The Press

The Press – jaj

Newt goes on:  “And I’ve been trying to figure out for the last several months how to get this across clearly to the American people.  You need visionaries.  Without vision, the people perish.  You need somebody who understands that you get to these aircraft by starting.  And you start somewhere with something that doesn’t look very big and isn’t very effective.

“The Wright Brothers keep trying and on December 17th, 1903 they crash four times.  The fifth time, they fly for 53 seconds.  The first powered flight in human history.  Two Americans from Ohio in North Carolina.

“By the way, the first flight was shorter than the wingspan of a Boing 747 and slow enough that the one brother ran along next to the wing of the plane to make sure it didn’t flip over and kill his brother.”

That draws a lot of mirth from the audience.

Newt raises his voice.  “Now here’s what makes this a miracle.  Because they’ve now discovered the principle, by 1907 they fly around the island of Manhattan and one and one-half million people see an airplane for the first time.  Three and a half years—that’s how fast they changed—BECAUSE THEY’D BROKEN THROUGH.”

He taps the podium with a finger.  “Here’s what makes it a fascinating story: The Wright Brothers knew that they had to build a very light engine because they had to build a very light plane.  And so they actually invented an engine.  They had a number of patents.  And these were very smart people working very hard.  This is their hobby—this is not how they’re earning a living.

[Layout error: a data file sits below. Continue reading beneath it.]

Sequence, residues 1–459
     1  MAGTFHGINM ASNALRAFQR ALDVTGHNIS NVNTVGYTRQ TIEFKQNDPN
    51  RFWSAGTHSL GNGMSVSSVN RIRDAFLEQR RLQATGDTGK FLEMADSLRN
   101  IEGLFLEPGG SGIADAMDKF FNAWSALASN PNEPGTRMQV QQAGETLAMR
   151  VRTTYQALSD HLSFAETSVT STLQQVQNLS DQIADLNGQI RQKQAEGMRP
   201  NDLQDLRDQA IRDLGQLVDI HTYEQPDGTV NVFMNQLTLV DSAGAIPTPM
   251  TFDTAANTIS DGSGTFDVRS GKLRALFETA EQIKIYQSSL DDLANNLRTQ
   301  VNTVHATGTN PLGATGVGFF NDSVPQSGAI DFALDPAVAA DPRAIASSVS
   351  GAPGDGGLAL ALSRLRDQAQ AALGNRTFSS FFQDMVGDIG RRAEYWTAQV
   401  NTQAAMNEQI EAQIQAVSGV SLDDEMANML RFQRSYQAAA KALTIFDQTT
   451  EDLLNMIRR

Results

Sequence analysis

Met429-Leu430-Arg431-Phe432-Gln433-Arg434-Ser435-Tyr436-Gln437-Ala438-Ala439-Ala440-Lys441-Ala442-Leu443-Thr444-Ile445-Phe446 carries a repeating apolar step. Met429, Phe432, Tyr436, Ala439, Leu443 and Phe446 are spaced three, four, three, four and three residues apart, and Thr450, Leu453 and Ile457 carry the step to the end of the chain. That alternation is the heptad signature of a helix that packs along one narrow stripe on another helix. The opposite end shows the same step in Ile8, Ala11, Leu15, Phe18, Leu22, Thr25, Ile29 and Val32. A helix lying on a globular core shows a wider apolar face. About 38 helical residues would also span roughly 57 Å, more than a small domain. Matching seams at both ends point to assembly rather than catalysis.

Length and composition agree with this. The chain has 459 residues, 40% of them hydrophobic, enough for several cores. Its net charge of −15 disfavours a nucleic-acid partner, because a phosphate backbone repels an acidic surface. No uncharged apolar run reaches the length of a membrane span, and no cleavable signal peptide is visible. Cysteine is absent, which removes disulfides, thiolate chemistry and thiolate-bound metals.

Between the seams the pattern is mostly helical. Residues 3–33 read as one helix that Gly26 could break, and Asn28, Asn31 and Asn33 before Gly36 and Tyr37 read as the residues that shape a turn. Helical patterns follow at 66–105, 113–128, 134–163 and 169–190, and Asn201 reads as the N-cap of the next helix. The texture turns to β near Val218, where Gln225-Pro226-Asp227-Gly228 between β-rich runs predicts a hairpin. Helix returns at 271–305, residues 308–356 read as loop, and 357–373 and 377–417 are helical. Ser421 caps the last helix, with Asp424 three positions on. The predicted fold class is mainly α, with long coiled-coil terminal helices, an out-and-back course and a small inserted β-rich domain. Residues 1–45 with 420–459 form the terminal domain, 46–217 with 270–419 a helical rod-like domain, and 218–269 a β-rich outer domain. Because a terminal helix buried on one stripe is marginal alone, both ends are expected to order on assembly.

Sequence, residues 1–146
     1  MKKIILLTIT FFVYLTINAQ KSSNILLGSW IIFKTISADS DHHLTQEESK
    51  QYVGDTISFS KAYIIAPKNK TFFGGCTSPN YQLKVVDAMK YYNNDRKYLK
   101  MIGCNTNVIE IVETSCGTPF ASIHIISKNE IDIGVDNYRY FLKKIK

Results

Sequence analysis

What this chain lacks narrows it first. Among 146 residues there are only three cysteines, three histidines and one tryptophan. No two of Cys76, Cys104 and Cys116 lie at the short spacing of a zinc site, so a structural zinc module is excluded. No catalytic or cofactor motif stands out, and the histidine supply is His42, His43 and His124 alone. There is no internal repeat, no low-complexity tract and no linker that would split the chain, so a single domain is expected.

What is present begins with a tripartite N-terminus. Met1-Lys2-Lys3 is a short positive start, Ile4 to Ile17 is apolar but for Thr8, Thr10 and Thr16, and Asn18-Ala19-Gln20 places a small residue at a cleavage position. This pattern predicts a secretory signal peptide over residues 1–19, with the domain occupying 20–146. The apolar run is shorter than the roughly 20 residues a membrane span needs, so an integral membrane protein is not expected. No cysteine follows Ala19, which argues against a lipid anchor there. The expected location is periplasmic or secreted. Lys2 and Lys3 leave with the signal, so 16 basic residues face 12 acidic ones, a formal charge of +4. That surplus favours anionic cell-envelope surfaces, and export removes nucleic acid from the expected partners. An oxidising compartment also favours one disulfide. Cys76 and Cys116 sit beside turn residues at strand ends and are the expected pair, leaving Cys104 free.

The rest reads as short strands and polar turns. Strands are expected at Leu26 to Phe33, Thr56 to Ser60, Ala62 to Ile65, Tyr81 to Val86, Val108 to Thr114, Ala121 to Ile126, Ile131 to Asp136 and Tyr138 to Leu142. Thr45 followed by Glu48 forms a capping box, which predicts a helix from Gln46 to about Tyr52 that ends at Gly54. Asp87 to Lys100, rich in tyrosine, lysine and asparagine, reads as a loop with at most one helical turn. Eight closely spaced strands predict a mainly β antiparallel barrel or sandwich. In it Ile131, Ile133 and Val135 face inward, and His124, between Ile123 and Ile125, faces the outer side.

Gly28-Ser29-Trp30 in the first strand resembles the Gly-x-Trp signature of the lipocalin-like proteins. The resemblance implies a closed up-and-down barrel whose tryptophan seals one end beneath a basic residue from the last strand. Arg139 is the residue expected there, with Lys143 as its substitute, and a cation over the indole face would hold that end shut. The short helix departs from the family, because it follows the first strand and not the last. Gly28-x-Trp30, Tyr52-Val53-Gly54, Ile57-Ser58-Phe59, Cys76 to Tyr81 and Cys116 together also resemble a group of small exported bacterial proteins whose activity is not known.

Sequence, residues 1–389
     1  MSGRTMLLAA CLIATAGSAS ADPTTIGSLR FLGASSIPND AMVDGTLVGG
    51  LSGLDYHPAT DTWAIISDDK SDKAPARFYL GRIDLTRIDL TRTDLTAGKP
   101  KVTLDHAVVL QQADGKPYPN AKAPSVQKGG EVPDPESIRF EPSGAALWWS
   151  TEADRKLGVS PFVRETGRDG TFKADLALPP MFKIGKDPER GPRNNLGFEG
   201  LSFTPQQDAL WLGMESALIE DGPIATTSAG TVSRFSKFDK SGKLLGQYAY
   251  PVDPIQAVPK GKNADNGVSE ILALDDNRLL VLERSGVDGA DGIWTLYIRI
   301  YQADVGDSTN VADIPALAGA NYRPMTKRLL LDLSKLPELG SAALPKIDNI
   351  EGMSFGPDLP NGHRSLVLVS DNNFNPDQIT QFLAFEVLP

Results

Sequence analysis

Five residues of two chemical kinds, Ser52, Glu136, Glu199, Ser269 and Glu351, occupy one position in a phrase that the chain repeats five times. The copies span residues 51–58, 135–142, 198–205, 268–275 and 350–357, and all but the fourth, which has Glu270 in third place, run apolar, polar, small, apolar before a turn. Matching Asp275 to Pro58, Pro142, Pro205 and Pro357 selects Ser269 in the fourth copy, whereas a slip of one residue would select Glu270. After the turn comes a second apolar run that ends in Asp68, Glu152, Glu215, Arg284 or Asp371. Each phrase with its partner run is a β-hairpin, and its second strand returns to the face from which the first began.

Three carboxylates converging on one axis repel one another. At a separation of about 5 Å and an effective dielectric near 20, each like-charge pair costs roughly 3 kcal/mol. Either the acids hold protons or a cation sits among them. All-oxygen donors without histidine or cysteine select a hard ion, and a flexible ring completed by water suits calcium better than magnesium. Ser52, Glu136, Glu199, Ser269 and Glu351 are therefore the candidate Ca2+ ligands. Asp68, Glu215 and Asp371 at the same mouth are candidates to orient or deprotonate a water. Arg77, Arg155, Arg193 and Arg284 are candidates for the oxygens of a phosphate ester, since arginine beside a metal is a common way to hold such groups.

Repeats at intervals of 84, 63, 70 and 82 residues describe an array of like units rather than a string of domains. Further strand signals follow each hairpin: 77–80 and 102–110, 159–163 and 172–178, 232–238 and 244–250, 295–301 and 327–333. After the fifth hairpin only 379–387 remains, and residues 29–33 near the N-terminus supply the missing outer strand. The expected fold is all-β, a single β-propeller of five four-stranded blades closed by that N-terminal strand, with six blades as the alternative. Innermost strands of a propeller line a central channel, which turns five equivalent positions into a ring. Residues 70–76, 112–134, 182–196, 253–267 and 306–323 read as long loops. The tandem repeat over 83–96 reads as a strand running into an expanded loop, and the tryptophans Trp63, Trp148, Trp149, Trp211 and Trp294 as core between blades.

“By the way, the estimate by the curator at Orville Wright’s house is that their total spending was $500.  Now, that’s back when money was a lot more valuable than it is today, so let’s say they spent a half a million—but in them-year-dollars they spent $500.

Crowded Hangar

Crowded Hangar – jaj

“The Smithsonian—the greatest scientific center in the United States at that time—gave a $50,000 grant.  The Smithsonian had really smart scientists who didn’t know the number-one thing that the Wright Brothers knew.  THE WRIGHT BROTHERS KNEW THEY DIDN’T KNOW HOW TO FLY.  THE SMITHSONIAN THOUGHT THEY DID.

“And so the Smithsonian went out to Germans for metallurgy and built a really powerful engine.  Now the problem with a very powerful engine is that it’s heavy.  And that means that you have to have a real heavy airplane.  And they didn’t want to go all the way to Kitty Hawk.  They were in Washington DC.  It was very inconvenient to go to Kitty Hawk.  So they tried to find a new innovative way to get wind speed.  And they invented something we still use—the catapult.  Exactly like the nuclear powered aircraft carrier.